Trail Name: Knife Edge Trail Length: 2.4 miles roundtrip Elevation Gain: 150 feet Difficulty: Easy Suitable For: Hiking only, good for families with children under supervision.
By Craig Martin
The Knife Edge is a narrow ridge of rock separating two branches of the Ancho Canyon drainage. The ridge narrows to become only a few yards wide, offering nice views in both directions. The trip is an easy walk on an old dirt road through piñon and juniper woodlands, and in spring you can find some early wildflowers growing along the way. It is a nice outing for families and a great early-season trip for anyone.
Trail Name: Deer Trap Mesa Trail Length: 3.2 miles roundtrip Elevation Gain: 200 feet Difficulty: Easy, with one tricky section Suitable For: Hiking only, good for families with children under supervision.
By Craig Martin
One of the finger mesas extending east from the Pajarito Plateau, Deer Trap Mesa offers the most consistently scenic hikes on the plateau. In addition, the terrain is rather flat, with a couple of exceptions. The main trail passes by the game pit for which the mesa was named, then follows a well-worn path across a narrow section of mesa with views on both sides. A loop trail, located on Los Alamos County Open Space, leads to several overlooks of the Pajarito Plateau and Sangre de Cristo Mountains to the east. The view is constantly changing, and immensely enthralling. The most challenging section of trail is in the first 100 yards, a short, narrow, steep descent on an Ancestral Pueblo stairway that seems tricky but is rather easy and not dangerous if carefully navigated. Almost the entire canyon edge trek follows segments of three-finger mesas and is just over 3 miles long. Some sections are muddy after rains, but because of a general lack of shade, the trail dries out quickly. This is an ideal spring, fall, or winter hike, but it does get quite warm at mid-day in summer.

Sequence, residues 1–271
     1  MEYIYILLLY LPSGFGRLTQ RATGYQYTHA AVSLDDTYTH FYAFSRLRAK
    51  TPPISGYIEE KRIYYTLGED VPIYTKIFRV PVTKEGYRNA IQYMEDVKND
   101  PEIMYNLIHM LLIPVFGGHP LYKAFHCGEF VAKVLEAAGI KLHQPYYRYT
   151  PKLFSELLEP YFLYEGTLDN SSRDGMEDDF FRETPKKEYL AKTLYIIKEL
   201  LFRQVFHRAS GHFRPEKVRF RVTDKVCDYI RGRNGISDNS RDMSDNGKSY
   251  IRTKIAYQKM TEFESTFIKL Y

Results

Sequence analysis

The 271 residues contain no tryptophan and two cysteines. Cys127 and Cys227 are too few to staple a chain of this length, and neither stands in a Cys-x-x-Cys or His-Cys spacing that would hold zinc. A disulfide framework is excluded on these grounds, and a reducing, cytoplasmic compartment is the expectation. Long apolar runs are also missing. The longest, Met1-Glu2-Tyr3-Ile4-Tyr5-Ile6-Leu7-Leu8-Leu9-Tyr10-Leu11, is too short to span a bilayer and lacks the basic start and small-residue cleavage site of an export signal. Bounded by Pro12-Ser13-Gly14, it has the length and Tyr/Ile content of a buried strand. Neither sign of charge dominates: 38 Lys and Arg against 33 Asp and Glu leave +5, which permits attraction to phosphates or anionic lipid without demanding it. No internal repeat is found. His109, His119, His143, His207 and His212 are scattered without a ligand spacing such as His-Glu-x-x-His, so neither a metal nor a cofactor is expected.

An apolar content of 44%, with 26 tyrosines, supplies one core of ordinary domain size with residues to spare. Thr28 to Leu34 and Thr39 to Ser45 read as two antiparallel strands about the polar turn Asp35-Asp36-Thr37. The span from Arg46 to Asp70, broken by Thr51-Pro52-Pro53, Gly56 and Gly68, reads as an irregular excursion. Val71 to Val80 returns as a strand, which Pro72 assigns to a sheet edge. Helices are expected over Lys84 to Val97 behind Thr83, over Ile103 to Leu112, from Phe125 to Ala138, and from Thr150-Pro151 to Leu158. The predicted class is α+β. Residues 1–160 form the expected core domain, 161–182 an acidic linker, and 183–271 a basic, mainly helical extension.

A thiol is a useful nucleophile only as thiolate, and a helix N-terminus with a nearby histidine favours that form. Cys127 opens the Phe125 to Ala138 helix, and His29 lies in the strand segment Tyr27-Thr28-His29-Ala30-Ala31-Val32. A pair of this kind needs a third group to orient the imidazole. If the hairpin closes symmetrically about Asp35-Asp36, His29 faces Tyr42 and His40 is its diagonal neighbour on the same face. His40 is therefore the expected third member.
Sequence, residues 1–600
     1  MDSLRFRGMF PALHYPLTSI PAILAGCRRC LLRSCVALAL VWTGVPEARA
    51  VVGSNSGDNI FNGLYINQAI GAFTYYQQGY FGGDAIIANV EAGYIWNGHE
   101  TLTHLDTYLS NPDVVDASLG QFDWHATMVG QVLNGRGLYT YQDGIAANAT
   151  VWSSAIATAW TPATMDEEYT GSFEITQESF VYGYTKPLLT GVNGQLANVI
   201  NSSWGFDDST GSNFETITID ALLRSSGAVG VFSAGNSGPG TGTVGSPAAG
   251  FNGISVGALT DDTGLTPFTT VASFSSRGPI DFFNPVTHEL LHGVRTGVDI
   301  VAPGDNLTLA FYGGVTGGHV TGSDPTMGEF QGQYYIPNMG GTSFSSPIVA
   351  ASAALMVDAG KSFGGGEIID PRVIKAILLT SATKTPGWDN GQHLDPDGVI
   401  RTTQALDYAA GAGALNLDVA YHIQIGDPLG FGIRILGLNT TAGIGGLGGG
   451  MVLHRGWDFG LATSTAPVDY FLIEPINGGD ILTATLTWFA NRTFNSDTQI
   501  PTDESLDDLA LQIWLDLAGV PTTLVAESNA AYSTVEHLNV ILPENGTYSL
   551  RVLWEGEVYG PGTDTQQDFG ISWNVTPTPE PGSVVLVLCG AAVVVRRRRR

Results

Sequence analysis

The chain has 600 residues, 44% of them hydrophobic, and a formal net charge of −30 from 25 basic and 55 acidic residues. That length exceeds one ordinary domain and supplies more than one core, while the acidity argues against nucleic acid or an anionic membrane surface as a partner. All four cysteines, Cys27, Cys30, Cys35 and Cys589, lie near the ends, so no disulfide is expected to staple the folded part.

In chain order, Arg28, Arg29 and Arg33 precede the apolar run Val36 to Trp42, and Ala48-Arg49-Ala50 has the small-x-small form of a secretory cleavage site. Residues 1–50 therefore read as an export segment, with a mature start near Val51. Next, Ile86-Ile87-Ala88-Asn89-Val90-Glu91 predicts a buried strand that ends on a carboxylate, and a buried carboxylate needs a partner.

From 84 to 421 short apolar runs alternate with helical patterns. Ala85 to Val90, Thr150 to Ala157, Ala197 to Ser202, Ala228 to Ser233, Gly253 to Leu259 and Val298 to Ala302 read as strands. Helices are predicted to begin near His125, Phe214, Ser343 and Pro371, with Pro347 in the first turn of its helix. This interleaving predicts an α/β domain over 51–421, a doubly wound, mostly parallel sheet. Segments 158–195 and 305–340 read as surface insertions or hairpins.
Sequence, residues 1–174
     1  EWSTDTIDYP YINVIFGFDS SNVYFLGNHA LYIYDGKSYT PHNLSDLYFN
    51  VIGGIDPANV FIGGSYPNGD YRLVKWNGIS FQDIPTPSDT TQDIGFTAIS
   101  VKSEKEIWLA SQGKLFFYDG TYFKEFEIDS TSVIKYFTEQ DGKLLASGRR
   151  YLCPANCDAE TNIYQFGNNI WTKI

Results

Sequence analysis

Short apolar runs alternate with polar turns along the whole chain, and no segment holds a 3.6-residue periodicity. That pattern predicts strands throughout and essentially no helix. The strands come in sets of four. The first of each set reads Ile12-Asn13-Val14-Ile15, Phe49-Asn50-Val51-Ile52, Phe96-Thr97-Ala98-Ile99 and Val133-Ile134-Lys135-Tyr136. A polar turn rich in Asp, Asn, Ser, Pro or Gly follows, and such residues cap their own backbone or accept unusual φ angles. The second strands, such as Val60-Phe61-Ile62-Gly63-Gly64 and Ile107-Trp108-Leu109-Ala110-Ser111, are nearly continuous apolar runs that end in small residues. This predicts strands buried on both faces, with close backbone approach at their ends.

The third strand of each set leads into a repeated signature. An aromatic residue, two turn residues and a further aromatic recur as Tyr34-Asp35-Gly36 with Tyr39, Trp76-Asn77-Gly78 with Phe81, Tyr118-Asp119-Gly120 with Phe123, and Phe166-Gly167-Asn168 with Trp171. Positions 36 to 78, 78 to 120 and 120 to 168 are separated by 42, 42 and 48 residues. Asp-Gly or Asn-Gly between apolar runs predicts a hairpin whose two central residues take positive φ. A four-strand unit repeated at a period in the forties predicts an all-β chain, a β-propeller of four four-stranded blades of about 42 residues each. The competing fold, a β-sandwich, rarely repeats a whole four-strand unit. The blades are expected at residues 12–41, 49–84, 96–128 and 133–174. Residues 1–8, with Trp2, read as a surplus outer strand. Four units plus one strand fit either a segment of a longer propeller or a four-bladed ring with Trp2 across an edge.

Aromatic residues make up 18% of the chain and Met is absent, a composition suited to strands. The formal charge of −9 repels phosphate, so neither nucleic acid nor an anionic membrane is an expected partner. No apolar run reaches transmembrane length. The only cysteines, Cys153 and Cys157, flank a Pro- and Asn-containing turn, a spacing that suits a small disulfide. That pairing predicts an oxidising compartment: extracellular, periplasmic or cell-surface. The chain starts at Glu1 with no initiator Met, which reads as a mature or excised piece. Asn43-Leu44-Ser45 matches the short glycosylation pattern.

Trail Name: Neblina’s Trail Length: 1.5 miles roundtrip Elevation Gain: 200 feet Difficulty: Easy Suitable For: Hiking, running, good for families. Mountain biking is permitted but the short canyon ending in a dead end makes it somewhat unappealing to riders.
By Craig Martin
A short, shady trip up the Neblina’s Trail offers a quiet getaway close to town. The trail traverses under tall pines and is a cool trip even on a summer afternoon. The area was relatively untouched by the Cerro Grande fire, although the stream channel is choked with debris from floods following that fire and the Las Conchas fire. Tall, orange cliffs flank the canyon, and the trip ends in a narrows where cliffbush thrives in a thick stand.